The Luthier (2009)

SPINNING-THE-TIMESLucy Caldwell’s tale of a young apprentice luthier on the West Bank in Palestine premiered as part of Spinning the Times, a series of pieces by five Irish playwrights produced by Origin Theatre Company as part of the New York 1st Irish Festival at 59E59 Theaters in September 2009

Praise for “The Luthier”

The best of [the plays] is “The Luthier” by Lucy Caldwell, about a Palestinian youth who is learning to repair violins. Ethan Hova gives a beautiful performance
New York Times

Fugue and The Luthier tread ground that has been covered before, but both are nonetheless rich in their humanity. … Ethan Hova stars in The Luthier, as a Palestinian man trying to carve out a peaceful life in a world that refuses to yield to his nature. A luthier is an artisan who repairs violins; Dawood dreams of practicing his craft in the U.S. as he remembers … Read more

Guardians (2009)

DancingAnd they all told us we were crazy, everyone told us we were crazy. But we knew we were right. And now, I think: what if we were wrong? What if they were right, after all, and we were wrong?

Bright twenty-somethings Molly and Conor have been married for a year. Forced to relocate to Conor’s family-home in Belfast, their love and understanding of each other is brought irretrievably into question. In Guardians, the beautifully crafted follow-up to Lucy Caldwell’s George Devine Award-winning play Leaves, Caldwell explores what happens when our expectations come up against reality, and how easy it is to miss our step. Guardians is directed by Natalie Abrahami, joint Artistic Director of London’s Gate Theatre: ‘A director of exceptional flair’ Guardian.

Cast & Crew

Molly: Sonya Cassidy
Conor: Andrew Simpson

Director: Natalie Abrahami Dramaturge: Ben Power Design: takis Lighting: Matt Prentice Sound: Steve Mayo Video Projection: Dick … Read more

The Furthest Distance

Lucy Caldwell’s novella, The Furthest Distance, was published on 27th November 2009 by Netherlea Press, the first in a series of novellas written about journeys within Ireland.

Synopsis

Summer 1978, and five-year-old Brooklyn is on her first trip to Northern Ireland. Her daddy’s happy to be going home. Her mommy’s not: she’s dreading going back to the place she’s tried her whole life to leave behind. The one thing they agree on is that the train journey from Belfast to Derry is the most beautiful you’ll ever make.

Just past Castlerock the train thunders between cliff and rocky shore and waves break right up against the tracks. The long journey is almost worth it for those moments alone, they tell her. But for Brooklyn, destined to spend intermittent summers travelling the same route with her mother’s frustrated feminism and her father’s unfulfilled dreams for stardom, the point of a … Read more

Carnival (2008)

carnival1Some lies are more believable than truth

Two sisters, taken in by a Romany carnival troupe during the wars of the 1990s find themselves at the end of the road in Belfast 2008. They face a choice; stick and stay with the dying Carnival, or twist and step onto the bottom rung of Belfast life?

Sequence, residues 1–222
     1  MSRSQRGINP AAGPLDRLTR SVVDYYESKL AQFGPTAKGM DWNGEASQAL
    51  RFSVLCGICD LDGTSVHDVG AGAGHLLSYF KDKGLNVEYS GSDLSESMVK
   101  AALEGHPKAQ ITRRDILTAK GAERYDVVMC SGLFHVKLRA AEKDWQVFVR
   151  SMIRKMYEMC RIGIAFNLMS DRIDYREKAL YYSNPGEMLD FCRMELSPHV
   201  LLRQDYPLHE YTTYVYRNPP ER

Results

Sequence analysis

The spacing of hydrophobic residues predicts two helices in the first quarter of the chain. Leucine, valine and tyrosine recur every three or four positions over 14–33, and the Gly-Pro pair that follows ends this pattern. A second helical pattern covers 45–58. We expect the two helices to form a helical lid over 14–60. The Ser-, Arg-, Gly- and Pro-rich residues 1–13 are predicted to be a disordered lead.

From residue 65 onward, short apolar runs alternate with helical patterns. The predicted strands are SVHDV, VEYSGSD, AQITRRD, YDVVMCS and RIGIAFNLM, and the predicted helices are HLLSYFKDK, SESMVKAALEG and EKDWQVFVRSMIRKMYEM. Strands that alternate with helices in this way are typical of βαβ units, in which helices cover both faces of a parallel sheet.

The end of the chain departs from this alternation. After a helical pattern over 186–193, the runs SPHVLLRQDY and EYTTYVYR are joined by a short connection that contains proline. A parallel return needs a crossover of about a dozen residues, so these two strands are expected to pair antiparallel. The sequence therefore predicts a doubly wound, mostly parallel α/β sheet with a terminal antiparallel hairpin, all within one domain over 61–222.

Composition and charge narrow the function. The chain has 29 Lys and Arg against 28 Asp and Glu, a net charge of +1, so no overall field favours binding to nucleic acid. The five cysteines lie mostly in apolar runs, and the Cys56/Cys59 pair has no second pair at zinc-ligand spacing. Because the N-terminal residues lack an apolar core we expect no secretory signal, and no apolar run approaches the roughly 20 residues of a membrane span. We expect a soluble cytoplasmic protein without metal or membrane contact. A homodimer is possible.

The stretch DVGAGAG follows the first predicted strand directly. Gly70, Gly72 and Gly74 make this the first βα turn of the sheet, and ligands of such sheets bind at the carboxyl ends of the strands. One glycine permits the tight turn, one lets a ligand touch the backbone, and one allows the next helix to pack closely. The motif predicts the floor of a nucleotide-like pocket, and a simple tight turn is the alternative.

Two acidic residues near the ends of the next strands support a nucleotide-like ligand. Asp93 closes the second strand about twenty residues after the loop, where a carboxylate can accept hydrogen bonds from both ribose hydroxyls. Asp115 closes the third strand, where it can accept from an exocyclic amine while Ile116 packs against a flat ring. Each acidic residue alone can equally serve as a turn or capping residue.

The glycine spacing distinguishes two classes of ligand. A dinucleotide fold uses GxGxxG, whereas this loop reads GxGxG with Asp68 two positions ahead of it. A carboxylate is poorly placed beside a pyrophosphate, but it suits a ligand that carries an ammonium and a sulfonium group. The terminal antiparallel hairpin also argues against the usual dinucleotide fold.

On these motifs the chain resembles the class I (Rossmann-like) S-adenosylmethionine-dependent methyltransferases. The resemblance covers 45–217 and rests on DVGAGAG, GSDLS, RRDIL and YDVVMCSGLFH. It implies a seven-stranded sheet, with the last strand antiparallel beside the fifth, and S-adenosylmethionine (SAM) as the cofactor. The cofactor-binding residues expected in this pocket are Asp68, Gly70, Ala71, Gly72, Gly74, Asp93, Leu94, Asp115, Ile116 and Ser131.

Production Details

Kabosh’s Carnival, by Lucy Caldwell, played the Ulster Bank Festival at Queens, through 23rd October to the 1st November. Over 1,500 people entered the exotic surroundings of the Spiegeltent to witness performances by Maggie Cronin, Vincent Higgins, Liam McMahon, Patrick O’Reilly, Tanya Wilson, Claire Lamont and Paul Kennedy, as they brought to life the story of Katya and Illena, two girls trapped in the Romany carnival which has reached the end of line. Featuring stunning aerial artistry from Kelsey Long, and the extraordinary music of Oleg Ponomarev and Drazen Djerek, Carnival brought the … Read more

Leaves (2007)

leaves2“We are where we come from? That’s not true. Because if that’s true there’s no hope for any of us.”

Lori is coming home from her first term at university. Its only been a few weeks and already things have gone badly wrong. But none of the rest of the family knows, or understands, what really happened. In this fiercely observed family drama, three teenage girls struggle to define who they are, and why, and where they might be going.

LEAVES premiered in Chapel Lane, Galway, on 1st March 2007 before transferring to the Royal Court Theatre (Upstairs), London. The play won the 2006 George Devine Award and the 2007 Susan Smith Blackburn Award.

Cast:

Fiona Bell, Alana Brennan, Conor Lovett, Daisy Maguire, Penelope Maguire, Kathy Rose O’Brien Director Garry Hynes; Set Design: Francis O’Connor; Lighting Ben Ormerod; Sound: John Leonard; Music: Sam Jackson

 

French Translation of Leaves

berthFeuillesRead more

Where They Were Missed

Where They Were Missed book cover“The back yard of Saorise and Daisy’s house can be a perilous place: boys from down the road leave unwelcome ‘presents’ at the gate, the girls’ father comes home late with a swollen jaw, and they have to rush indoors and shut the windows tight when marchers pass, even on the hottest day of the year. And while there is respite to be had at Antonini’s Ice Cream Parlour and in their mother’s bedtime stories, the walls of the house cannot protect this family for ever, and when a tragedy occurs at its heart the fragile ties that bind them together begin to break apart.

Ten years later in rural Ireland, Saoirse is building a new life for herself. She is dreaming again: of her prom night, of her future, and of the wayward but handsome Johnny Mahon. But, as she learns to her cost, she has still not fully … Read more